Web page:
Make Your Editor Cry: (LATIN) [sic]
The Latin word sic is shorthand for, sic erat scriptum, which literally means thus (or sometimes so) it was written and basically means “This is exactly what the original material says.”
When quoting something that has a spelling error or grammar mistake, or even just presents material written in a confusing way, you can insert the term “sic” in italics and enclose it in non-italic brackets (unless the surrounding text is italic, then this is reversed)
She wrote, “I would rather die then [sic] be seen wearing the same outfit as my sister.”
My favorite movie that year was The Falt [sic] in Our Stars.
The first [sic] indicates that the word “then” was mistakenly used instead of the word “than” and that the misspelling remains there intentionally because that is what was originally written.
The second example demonstrates that the word “Fault” has been misspelled demonstrates proper formatting when the notation appears inside italicized text.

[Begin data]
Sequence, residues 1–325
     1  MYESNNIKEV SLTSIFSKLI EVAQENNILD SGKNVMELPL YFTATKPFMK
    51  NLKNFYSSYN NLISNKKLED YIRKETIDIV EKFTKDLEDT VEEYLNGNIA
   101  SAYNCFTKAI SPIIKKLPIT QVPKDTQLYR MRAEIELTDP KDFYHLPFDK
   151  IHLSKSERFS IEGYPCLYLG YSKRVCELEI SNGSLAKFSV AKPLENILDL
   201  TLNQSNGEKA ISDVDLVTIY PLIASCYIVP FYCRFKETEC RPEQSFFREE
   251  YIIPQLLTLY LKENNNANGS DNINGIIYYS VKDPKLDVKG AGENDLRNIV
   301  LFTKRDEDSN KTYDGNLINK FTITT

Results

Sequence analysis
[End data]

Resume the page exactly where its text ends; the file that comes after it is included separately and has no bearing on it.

NOTE: CMOS says “The best use of sic (Latin for “thus” or “so”) after an error in a quotation of speech or text is when the passage is under scrutiny for a scholarly purpose and it’s important to point out a particular flaw or problem in the original because it’s relevant to the discussion.”
Gregg Bridgeman is the Editor-in-Chief at Olivia Kimbrell Press. He is husband to best-selling Christian author Hallee Bridgeman and parent to three. He continues to proudly serve in the US Armed Forces and has done so in either an active or reserve capacity for more than twenty years as an airborne and air assault qualified paratrooper, earning a Bronze Star for his service. Most importantly, he was ordained in October of 2001 after surrendering his life to Christ decades earlier.